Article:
“Do you have a voucher?” is one of the first questions asked to food bank users. I should know; as a volunteer at the Waterloo Oasis Foodbank in London I’ve asked the question countless times over a tea or coffee to someone seeking help. In light of the current COVID pandemic, more people will request vouchers, and unfortunately, many will not receive them.
UK Hunger and Food Insecurity in COVID-19
New research from a YouGov poll by The Food Foundation and the Food, Farming and Countryside Commission (FFCC) revealed that more than 3 million people (6%) in Great Britain have gone hungry since the UK lockdown began in late March. The survey assessed household food (in)security through the following questions:
Thinking about since the UK went into official lockdown (i.e. since March 23rd), did you/anyone else in your household:
Have smaller meals than usual or skip meals because you couldn’t afford or get access to food?
Ever been hungry but not eaten because you couldn’t afford or get access to food?
Not eaten for a whole day because you couldn’t afford or get access to food?
If the answer was yes to any question, the person is deemed food insecure. The most impacted groups include adults with disabilities, adults with children, and those identifying as BAME, according to a preliminary analysis of survey data by Rachel Loopstra of King’s College. With people falling into hunger and food insecurity, many look for help to put food on the table, including the use of food banks. Continue reading ““Do you have a Voucher”? Food Banks and COVID-19”
Alexandra Williamson, Queensland University of Technology & Diana Leat, Independent Consultant and Visitor Professor at Cass Business School
If, as Oscar Wilde remarked, losing one parent may be regarded as a misfortune but losing two looks like carelessness, the same might be said of disasters. For Australian nonprofit organizations and philanthropic foundations scrambling to frame and action responses to the unprecedented damage caused by 2019-20 bushfires in four states, the advent of coronavirus seems worse than unlucky. But does Australia’s double experience of misfortune offer any useful insights?
While it is obviously too early for comprehensive national data on giving by individuals, corporates and philanthropic foundations, there are some key themes and reflections on the similarities, differences and challenges of Australia’s philanthropic response to disaster overload.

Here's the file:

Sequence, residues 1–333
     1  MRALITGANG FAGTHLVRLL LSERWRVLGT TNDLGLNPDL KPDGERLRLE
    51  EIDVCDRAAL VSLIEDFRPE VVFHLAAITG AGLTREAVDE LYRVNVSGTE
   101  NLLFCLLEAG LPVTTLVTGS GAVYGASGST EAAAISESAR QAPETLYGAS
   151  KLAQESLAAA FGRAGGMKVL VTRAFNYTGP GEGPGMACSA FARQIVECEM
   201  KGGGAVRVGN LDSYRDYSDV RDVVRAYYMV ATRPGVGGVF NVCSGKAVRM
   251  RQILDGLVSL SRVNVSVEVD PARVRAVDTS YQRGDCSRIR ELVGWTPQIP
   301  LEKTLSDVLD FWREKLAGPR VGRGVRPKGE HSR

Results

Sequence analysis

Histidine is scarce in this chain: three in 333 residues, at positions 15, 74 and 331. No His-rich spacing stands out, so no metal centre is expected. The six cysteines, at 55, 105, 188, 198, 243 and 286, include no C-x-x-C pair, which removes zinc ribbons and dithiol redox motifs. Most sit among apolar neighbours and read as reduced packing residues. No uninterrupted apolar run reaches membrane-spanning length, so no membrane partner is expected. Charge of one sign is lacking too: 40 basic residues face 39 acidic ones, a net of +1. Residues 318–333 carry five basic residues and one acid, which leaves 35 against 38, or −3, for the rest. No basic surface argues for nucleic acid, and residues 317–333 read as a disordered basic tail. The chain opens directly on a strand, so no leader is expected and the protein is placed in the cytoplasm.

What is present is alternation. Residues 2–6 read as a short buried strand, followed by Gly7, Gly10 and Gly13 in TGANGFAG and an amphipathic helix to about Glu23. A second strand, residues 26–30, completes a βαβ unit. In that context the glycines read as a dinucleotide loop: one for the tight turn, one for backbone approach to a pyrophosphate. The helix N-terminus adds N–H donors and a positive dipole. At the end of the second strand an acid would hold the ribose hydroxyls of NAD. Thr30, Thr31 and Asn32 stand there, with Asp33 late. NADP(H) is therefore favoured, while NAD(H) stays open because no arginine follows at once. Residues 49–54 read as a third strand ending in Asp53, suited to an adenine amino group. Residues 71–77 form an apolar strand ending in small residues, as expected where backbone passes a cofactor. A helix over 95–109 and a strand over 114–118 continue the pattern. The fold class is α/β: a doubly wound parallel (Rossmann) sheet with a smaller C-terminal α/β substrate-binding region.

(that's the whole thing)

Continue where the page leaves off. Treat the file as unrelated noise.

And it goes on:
Unlike some disasters that happen almost instantaneously or with only a few days’ warning, both the bushfires and COVID-19 built over a period of months. Similarly, neither the bushfires nor COVID-19 could be simply ‘put out’ but had/will have to run their course (given our current state of knowledge on a vaccine). In another temporal dimension, both disasters require responders to think beyond immediate short-term response to longer-term recovery. Both disasters take a greater toll on those who are already disadvantaged, with a disproportionate impact on physical and mental safety, social and financial wellbeing. Lastly, both disasters restrict movement and access of and to people and resources. Nonprofit responders and funders cannot go into the field to observe and understand for themselves under COVID-19 lockdown conditions or bushfire emergency evacuations. Continue reading ““Double Disaster”: What can global philanthropy learn from Australia’s consecutive bushfire and COVID-19 crises?”
Happy 2020! As we embark on a new year, we—the editorial team of Nonprofit & Voluntary Sector Quarterly working closely with Sage—are proud to present to you this virtual special issue of Editors’ Choice. These fourteen (14) articles were published in various issues of NVSQ between January 2018 and December 2019. We have selected and curated them into this virtual collection to draw attention and provide ease of access to particularly distinctive, high-quality work in different genres. Some have already been highly-cited over the past two years (for example, the top-cited article on use of social media by nonprofit advocacy organizations by Guo and Saxton); others we expect will be widely read and used to inform new research, but may not yet have high citations because they were published more recently.
As a collection, these articles showcase the diversity of topics as well as the conceptual and methodological innovations that characterize NVSQ. The topics cover accountability and governance, revenue diversification, cross-sector partnerships, giving and volunteering, civil engagement, policy advocacy and social entrepreneurship. This collection is also broadly international, as is every issue of the journal. We hope you find this special collection of articles interesting, relevant, and inspiring.
The articles will be open for free download for the next two weeks. Enjoy!